Each week, Savage and Jamie Hyneman, aided by a crew of demolition experts and special effects whizzes, delve into mysteries of the moment: Does anything that happens in a James Bond movie have a basis in reality?; was the moon landing faked?; is there such a thing as "beer goggles"?; and much, much more. As important, they explain the science behind many complicated phenomena and rarely miss an opportunity to blow things up real good.

Savage talks about the genesis and success of the show, now in its eighth season, and discusses whether people are becoming more or less skeptical in an increasingly interconnected world. Does the faster flow of information mean the bad crowds out the good?

Approximately 8 minutes. Shot and edited by Dan Hayes.

Go here for embed code, iPod, HD, audio versions, and more videos.

NEXT: "Suffering Under Capitalism" to Be Replaced By New, Better Type of Suffering

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  1. Accepting the argument that too many people are going to college would mean accepting the fact that not everyone is smart enough to do college level work. We can’t do that, because it would hurt people’s feelings.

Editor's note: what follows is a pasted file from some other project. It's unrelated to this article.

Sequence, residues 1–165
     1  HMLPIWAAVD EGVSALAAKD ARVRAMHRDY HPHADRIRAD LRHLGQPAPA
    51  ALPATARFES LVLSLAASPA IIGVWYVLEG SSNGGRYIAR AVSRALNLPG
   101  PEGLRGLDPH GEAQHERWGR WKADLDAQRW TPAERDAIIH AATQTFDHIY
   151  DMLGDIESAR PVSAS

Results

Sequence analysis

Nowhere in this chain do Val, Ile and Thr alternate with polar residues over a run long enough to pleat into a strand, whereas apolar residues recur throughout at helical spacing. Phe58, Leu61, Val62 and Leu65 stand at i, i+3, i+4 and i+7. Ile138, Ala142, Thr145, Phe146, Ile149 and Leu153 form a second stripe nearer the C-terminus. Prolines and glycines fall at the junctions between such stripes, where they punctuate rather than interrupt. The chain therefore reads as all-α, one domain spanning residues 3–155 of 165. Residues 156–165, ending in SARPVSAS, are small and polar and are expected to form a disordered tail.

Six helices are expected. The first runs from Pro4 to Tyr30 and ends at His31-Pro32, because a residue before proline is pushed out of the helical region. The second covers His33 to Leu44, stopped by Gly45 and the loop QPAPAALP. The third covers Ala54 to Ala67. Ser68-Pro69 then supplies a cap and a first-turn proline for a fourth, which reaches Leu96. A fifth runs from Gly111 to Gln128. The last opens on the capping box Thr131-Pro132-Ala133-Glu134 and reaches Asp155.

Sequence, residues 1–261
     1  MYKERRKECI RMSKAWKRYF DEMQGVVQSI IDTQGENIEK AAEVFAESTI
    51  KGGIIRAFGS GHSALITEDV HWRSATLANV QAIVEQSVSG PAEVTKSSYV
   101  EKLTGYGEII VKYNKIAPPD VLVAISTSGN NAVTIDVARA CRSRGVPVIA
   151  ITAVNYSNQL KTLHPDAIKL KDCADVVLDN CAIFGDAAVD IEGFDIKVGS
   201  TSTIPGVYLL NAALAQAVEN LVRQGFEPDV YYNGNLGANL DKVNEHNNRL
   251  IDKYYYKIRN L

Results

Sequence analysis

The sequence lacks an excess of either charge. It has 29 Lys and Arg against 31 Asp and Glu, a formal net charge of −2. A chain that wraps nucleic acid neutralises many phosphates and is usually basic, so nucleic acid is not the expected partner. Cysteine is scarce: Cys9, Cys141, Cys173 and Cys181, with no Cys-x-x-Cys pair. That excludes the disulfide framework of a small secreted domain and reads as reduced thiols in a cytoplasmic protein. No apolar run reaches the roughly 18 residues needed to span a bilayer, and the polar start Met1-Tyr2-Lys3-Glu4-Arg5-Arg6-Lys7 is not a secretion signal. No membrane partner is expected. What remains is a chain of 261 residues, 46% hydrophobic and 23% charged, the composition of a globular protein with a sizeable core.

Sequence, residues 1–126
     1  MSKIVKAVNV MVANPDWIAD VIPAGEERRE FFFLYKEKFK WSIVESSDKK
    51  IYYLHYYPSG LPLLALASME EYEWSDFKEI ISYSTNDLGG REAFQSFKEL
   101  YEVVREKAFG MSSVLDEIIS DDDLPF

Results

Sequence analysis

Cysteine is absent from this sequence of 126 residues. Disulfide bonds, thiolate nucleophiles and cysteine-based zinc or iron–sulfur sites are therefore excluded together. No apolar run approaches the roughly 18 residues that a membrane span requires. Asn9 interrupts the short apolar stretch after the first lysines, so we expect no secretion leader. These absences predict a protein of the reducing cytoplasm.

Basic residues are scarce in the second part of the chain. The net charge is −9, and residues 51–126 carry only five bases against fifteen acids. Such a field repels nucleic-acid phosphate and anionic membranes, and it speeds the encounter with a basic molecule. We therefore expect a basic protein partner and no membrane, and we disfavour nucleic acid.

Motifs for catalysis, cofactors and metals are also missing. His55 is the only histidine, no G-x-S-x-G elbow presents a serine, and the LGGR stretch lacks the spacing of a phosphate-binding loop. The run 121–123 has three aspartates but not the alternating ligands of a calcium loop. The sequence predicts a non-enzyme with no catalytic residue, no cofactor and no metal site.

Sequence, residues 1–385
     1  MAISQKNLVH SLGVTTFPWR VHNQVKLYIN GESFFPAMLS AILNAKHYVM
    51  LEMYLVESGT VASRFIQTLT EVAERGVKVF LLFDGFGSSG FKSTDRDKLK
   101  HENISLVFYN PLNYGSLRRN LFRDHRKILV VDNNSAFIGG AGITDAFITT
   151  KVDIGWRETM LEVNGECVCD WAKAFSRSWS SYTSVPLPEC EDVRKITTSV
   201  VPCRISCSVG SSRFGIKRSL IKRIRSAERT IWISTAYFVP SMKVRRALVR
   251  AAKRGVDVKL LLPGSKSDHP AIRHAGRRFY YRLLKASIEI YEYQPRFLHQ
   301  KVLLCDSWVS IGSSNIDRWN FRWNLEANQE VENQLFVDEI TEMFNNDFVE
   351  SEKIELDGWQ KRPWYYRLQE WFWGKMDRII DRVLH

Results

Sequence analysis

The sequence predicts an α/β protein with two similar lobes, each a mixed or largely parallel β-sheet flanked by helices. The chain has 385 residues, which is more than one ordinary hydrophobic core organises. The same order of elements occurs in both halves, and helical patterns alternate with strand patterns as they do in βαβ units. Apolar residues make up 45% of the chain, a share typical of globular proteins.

2. Listen, I love Matt Welch like a brother from another mother, but what’s with the body language? Adam Savage is not going to blow something up right on that bench. It’s okay to be next to him.

  3. nice post…
    ___________________
    Britney
    Entertainment at one stop

  4. A mind is a terrible thing to waste, but my taxes are an even worse thing to waste. Nobody should be denied a college education because they simply can’t get funding. And nobody should be given a free ride through party central. But if a Hispanic woman, from the Bronx, that grew up in public housing can make it to the Supreme Court, then what are people whining about?